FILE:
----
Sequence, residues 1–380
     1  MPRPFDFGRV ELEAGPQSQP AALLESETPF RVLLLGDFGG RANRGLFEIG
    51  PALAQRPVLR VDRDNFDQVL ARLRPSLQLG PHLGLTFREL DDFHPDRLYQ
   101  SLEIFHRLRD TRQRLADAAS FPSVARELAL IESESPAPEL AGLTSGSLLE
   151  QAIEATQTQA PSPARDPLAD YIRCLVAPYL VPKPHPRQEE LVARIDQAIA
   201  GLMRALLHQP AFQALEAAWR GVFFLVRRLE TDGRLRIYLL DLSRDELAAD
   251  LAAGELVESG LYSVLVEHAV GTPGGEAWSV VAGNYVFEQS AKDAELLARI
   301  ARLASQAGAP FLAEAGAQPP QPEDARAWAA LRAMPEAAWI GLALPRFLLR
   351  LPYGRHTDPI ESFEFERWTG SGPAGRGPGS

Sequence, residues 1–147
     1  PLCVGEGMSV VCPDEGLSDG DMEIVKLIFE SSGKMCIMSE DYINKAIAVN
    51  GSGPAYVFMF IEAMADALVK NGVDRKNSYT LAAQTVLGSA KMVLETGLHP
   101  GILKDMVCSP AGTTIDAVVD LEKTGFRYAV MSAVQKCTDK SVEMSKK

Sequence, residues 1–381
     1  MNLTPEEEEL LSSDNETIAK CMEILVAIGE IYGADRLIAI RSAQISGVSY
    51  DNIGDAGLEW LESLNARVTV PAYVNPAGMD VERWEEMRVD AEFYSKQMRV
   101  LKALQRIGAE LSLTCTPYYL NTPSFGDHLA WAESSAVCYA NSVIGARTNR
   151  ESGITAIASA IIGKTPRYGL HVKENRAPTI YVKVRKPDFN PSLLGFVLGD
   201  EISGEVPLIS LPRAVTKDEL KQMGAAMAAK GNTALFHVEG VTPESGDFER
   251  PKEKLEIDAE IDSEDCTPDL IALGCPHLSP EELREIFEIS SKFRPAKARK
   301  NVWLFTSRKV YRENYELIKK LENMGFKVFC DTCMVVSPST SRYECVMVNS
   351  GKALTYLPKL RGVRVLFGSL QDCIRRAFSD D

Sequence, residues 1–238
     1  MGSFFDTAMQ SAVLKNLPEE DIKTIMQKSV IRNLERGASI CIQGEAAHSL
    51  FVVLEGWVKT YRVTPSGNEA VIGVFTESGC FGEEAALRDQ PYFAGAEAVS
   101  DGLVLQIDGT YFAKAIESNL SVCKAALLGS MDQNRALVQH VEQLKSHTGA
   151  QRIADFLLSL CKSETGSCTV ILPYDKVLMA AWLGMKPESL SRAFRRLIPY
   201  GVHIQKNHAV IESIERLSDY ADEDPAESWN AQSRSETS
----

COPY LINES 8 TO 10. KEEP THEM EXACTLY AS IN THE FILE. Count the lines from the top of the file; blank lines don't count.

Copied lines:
   301  ARLASQAGAP FLAEAGAQPP QPEDARAWAA LRAMPEAAWI GLALPRFLLR
   351  LPYGRHTDPI ESFEFERWTG SGPAGRGPGS

Sequence, residues 1–147